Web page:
Tuesday, March 28, 2023

Load shedding: Long-term risks ahead for agricultural sector

Estimated reading time: 3 minutes

The impact of the ongoing power outages on the agricultural sector and the wider economy holds serious implications for food security and social stability. The extended period of Stage 6 load shedding threatens the viability of the sector. An escalation to Stage 7 and higher will be catastrophic and will pose a risk to the country’s national security.

Load shedding contributes to inflation and may result in farmers planting less due to rising costs and disruption in planting schedules. Load shedding increases the cost of production for farmers at a time when South Africans are facing further food price increases and are under unprecedented economic pressure.

This causes further risks and uncertainties. Electricity is central to modern farming practices and the recent increase in load shedding has seriously disrupted farming operations. Pumping stations, irrigation, cooling and other systems all depend on power supply. While some farmers have the means to move away from the power grid, most are unable to do so.

This is especially true for the most vulnerable small-scale farmers. Farmers forfeit their water quotas for irrigation purposes when the power is off – an irrecoverable loss that paralyses farms. Farmers are already reporting huge losses as processing machinery, irrigation equipment and other machinery are damaged and come to a standstill due to power outages. With essential systems unavailable during the day, farmworkers are required to work after hours. Such overtime wages increase production costs, which are already rising. The power outages are also causing waste and financial losses due to the impact on food storage.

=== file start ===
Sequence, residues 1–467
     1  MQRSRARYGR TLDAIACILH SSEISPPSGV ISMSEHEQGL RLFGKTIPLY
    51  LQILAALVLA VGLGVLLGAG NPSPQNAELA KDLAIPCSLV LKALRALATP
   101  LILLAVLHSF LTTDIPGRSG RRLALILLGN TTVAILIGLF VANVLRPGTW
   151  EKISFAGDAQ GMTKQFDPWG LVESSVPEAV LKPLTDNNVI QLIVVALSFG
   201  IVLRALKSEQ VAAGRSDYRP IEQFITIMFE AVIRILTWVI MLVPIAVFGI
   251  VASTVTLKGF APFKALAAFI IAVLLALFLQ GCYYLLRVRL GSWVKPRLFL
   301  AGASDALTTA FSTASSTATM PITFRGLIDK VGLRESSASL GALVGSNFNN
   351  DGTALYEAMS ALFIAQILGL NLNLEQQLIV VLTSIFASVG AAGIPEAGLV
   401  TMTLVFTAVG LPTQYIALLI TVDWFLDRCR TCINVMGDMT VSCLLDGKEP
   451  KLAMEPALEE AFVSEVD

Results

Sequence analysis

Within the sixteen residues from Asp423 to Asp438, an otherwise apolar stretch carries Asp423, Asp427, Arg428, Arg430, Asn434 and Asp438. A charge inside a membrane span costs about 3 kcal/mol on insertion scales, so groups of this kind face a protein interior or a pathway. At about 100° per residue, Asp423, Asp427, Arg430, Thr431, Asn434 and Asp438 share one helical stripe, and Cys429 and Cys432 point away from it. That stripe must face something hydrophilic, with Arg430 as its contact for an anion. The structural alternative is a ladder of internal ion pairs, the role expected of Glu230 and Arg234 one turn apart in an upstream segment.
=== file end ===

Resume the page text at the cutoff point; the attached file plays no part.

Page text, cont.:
Read more about agriculture and electricity here.

Load shedding’s grip on the economy

Retailers are starting to reject fresh produce, mainly vegetables due to delays in delivery and disruption in the cold chain. In summer, this challenge increases exponentially. This will reduce the amount of food available and increase its cost to the consumer.

While the South African economy is facing these and other challenges, Agri SA and its members are committed to working with all role-players to ensure food security in the country. However, it requires urgent action. We trust that the Presidency will prioritise stability and safety at all power plants. As these plants are regarded as national key points, Agri SA makes an urgent request that sites of strategic importance be protected against sabotage. Violence and crime are on the rise and represent a trend that needs to be reversed in national interest.

Agri SA supports Eskom’s decision to increase its renewable energy capacity soon. As requested by Eskom, an additional 4 000MW or 4GW of wind and solar power generation capacity can help reduce load shedding incidents. The Department of Mineral Resources and Energy has a critical role to play in quickly getting the necessary policy infrastructure in place so that Eskom can increase its capacity. Failure to do so poses serious economic risks to South Africa, including social instability. – Press release, Agri SA

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